The following letter of Archbishop Charles J. Chaput to Prime Minister of Pakistan Imran Khan originally appeared on FirstThings.com.
January 21, 2020
Prime Minister Imran Khan
Care of the Embassy of the Islamic Republic of Pakistan to the United States
3517 International Court NW,
Washington, DC 20008
Many Pakistani Catholic families currently live in the Greater Philadelphia region. They are a great blessing to our community. These are very impressive people, grateful for their Pakistani heritage, whose Catholic faith was nourished in Pakistan. However, the hardships now faced by Christians in Pakistan profoundly concern them. On their behalf, I write to you — as their local archbishop, but also as a former Commissioner with the United States Commission on International Religious Freedom (USCIRF) — to ask that you work urgently to assure true religious liberty for all citizens of Pakistan, especially for members of minority faiths.
Pakistan is one of 10 countries listed by the U.S. Department of State as a “country of particular concern” for violations of the religious freedom of its citizens. Happily, last year, Ambassador Samuel Brownback, U.S. ambassador at large for religious freedom, after a meeting with Pakistan’s foreign ministry, indicated that your nation shows a sincere “desire to change” for the better on this issue. I thank you for your willingness to pursue that positive change.
I believe in the honest intentions of many in the Pakistani government to assure full religious freedom for their nation. But Pakistan still does not fully protect the religious liberty of all of its citizens. I know from numerous reports by Pakistani Catholics in the United States that Christians and other members of minority religions in Pakistan face chronic hostility, harassment, and persecution. Yet the government seems to do little to ensure their personal safety and their full participation in public life.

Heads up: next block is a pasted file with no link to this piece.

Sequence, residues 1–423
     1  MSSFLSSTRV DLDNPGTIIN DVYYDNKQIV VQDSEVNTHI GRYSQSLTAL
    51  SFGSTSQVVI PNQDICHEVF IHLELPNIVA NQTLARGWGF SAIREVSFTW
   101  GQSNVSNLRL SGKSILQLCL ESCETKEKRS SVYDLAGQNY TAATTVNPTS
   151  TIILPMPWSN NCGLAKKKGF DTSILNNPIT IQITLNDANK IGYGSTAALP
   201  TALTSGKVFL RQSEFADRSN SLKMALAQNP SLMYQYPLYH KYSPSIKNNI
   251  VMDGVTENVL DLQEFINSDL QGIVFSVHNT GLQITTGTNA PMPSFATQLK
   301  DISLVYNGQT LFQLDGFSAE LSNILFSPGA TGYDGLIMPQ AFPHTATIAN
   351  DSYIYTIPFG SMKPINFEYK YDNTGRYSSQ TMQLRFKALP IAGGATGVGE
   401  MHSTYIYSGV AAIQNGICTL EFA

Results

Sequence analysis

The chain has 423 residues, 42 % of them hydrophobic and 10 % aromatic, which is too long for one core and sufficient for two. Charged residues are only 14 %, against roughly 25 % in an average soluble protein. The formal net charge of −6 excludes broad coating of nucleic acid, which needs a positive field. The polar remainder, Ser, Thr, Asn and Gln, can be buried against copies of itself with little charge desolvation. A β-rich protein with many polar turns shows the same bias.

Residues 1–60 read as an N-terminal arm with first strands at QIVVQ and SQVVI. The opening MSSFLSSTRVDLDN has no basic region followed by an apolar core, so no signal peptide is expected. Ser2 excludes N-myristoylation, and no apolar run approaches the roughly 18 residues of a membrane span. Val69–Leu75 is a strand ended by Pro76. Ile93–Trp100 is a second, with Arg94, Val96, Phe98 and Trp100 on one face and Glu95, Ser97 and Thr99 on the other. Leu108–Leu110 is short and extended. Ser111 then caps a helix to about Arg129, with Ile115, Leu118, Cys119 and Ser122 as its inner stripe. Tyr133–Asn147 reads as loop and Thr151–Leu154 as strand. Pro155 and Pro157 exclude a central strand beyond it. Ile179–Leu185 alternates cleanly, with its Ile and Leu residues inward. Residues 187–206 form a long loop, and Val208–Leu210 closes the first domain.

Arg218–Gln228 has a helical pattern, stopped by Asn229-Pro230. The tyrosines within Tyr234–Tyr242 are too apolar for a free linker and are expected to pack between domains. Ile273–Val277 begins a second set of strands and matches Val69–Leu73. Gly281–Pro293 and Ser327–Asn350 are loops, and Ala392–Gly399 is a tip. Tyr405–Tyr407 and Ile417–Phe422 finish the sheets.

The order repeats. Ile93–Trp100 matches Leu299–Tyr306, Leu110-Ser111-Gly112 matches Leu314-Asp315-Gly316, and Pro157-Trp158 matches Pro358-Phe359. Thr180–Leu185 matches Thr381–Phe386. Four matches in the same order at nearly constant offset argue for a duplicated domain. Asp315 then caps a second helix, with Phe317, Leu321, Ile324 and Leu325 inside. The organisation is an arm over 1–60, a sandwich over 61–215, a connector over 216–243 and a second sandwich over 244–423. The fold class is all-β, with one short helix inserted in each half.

This is not just unjust, Mr. Prime Minister; it also aggravates misunderstandings and resentments of Islam among American Christians and other concerned U.S. citizens at a very sensitive political moment.
Of particular worry—as I’m sure you’re aware—is that Pakistani Christians are vulnerable to the misuse of blasphemy laws and are at risk of false accusations and wrongful criminal prosecution. Neighbors can settle ordinary disputes by leveling a charge of blasphemy against a Christian citizen who is then arrested and jailed. Even worse, the charge of blasphemy can sometimes lead to a mob attack on the one accused, and violence against that person’s family and property. Those falsely accused of blasphemy have been murdered with little serious effort by the government to bring such killers to justice. A reform of Pakistan’s blasphemy laws, and its investigation and prosecution procedures, is thus urgently needed.
Regrettably, evidence shows that members of minority faiths do not share fully in the economy of Pakistan. For many years, the government has promised to provide quotas for public and education sector jobs for Christians and other religious minorities. In 2013 a specific such commitment was made. But such promises have not been fulfilled, and members of religious minorities in Pakistan still face job and opportunity discrimination.
Finally, Christian and other non-Muslim houses of worship, as well as homes and businesses, have many times been attacked and destroyed. This is repugnant in any civilized society. But police too often fail to protect non-Muslim sacred spaces. And little effort is made to prosecute and bring to justice the perpetrators of this religious hatred.
Mr. Prime Minister, I do believe in the good will of many citizens of Pakistan and many members of your government. I also know that Pakistan faces many economic and social challenges, and you have the difficult task of managing them. I respect the demands of your office, and I gladly pray for both justice and success in your public service.
Nevertheless, I urge you to make every effort to secure the full rights of Pakistan’s citizens of every religion. And please understand that I will be pressing this issue vigorously in the American public square on behalf of Philadelphia and other Pakistani Catholics.
Most Reverend Charles J. Chaput, O.F.M. Cap.
Archbishop of Philadelphia
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